In the Literature
Are the health needs of poor children a medical problem or a social welfare issue, and are such needs the responsibility of the states or the federal government? These questions have sparked much debate among policymakers, physicians, and children's advocates. It is the failure to resolve these issues, say the authors of this article in Pediatrics, that has led to the current failure in providing optimal health care to every child in the United States.
In "Successes and Missed Opportunities in Protecting Our Children's Health: Critical Junctures in the History of Children's Health Policy in the United States," (Pediatrics, April 2005), Howard Markel, M.D., Ph.D., director of the Center for the History of Medicine at University of Michigan, and Janet Golden, Ph.D., of Rutgers University, revisit several turning points in the history of child health policy. They conclude that while much changed over the course of the 20th century, "many child health needs still are systematically neglected." In particular, the authors find a wide divide between underfunded, needs-based maternal and child health programs, like Medicaid, and general entitlement programs administered at the federal level, like Medicare and Social Security.
When the practice of pediatrics was first established in the late 19th and early 20th centuries, child health was linked with social issues like poverty and child labor. Goals were similarly aligned: increasing wages, providing aid for widows, improving tenement housing. In particular, the high infant mortality rate united public health officials, philanthropists, health care professionals, and social workers. These efforts led to the signing of the Sheppard-Towner Maternity and Infancy Act in 1921. The act authorized the federal government to grant $1.25 million annually to states for child health and prenatal centers, instructional home visits by nurses, and distribution of educational materials.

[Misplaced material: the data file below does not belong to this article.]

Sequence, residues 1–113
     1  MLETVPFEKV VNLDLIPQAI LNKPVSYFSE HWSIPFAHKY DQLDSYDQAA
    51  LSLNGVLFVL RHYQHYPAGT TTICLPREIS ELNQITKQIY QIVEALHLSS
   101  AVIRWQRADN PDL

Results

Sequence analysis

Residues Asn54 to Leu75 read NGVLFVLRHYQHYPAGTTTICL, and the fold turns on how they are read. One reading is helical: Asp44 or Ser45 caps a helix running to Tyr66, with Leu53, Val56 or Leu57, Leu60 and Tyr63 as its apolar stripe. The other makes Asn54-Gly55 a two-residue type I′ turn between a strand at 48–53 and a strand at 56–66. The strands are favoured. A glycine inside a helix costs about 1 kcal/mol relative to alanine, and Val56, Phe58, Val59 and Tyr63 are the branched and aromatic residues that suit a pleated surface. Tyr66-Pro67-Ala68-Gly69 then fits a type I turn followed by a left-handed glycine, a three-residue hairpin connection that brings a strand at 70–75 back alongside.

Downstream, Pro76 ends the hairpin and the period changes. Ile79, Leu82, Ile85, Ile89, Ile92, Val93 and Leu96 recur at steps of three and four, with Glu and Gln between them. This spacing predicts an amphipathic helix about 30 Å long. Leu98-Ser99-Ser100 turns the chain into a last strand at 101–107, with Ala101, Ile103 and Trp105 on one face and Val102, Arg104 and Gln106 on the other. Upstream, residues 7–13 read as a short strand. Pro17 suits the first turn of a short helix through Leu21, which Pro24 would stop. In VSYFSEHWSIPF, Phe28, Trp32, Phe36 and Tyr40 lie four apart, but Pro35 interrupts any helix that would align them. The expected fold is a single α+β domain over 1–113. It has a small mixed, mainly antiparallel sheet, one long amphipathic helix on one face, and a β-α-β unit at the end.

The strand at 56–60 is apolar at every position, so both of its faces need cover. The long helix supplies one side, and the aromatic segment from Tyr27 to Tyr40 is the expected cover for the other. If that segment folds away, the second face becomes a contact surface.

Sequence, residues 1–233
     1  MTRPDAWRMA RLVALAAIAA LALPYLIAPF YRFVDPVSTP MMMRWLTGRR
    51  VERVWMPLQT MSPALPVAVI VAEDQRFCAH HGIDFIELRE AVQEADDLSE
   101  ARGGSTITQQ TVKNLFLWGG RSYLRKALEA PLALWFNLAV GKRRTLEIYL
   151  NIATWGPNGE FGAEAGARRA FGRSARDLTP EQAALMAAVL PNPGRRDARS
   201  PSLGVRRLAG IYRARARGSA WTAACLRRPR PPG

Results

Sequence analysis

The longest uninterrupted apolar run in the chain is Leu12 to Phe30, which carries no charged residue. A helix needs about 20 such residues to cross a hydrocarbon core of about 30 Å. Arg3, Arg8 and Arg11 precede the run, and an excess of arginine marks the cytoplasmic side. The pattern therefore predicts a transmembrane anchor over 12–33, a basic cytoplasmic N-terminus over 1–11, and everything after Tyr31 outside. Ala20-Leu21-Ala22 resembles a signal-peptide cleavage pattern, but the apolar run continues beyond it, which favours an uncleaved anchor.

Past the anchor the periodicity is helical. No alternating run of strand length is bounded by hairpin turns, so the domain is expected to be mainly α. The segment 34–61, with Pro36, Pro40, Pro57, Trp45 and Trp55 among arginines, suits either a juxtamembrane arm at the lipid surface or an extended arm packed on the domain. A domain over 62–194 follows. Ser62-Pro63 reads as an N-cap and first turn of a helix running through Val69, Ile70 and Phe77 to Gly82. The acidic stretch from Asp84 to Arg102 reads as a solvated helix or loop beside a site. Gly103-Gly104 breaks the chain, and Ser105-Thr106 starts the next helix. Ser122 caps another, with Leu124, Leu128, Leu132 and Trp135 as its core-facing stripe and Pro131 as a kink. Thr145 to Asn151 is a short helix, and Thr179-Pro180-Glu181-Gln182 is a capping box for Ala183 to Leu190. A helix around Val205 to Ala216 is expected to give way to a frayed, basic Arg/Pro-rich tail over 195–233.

While most pediatricians supported the law, it angered many in the medical establishment, including the American Medical Association. Some opponents felt it had Communist undertones, while others thought it would harm the public and intrude on states' rights. Although the law had some positive effects, including making pediatrician checkups for infants a routine practice, the bill was not renewed. "In its absence," say the authors, "a system emerged that decidedly separated the provision of medical care for needy children from children whose parents were working or had financial resources."
In 1935, Title V of the Social Security Act (SSA) more firmly established the division between medical care and social welfare. While SSA created improvements in the health and welfare for elderly Americans, it did not lead to similar gains for children, who remain "a social group without political muscle," say the authors. Because programs for children, like welfare and Medicaid, are needs-based and not guaranteed to all children, they are politically unpopular and often threatened.
Despite additional programs designed to aid children, like the Special Supplemental Nutrition Program for Woman, Infants, and Children and the State Children's Health Insurance Program, children remain vulnerable, with 12 percent under age 19 uninsured in 2002. Improving access to care for a specific age group, is possible—as evidenced by the efforts on behalf of the elderly—but will require the political resolve of pediatricians and other child advocates.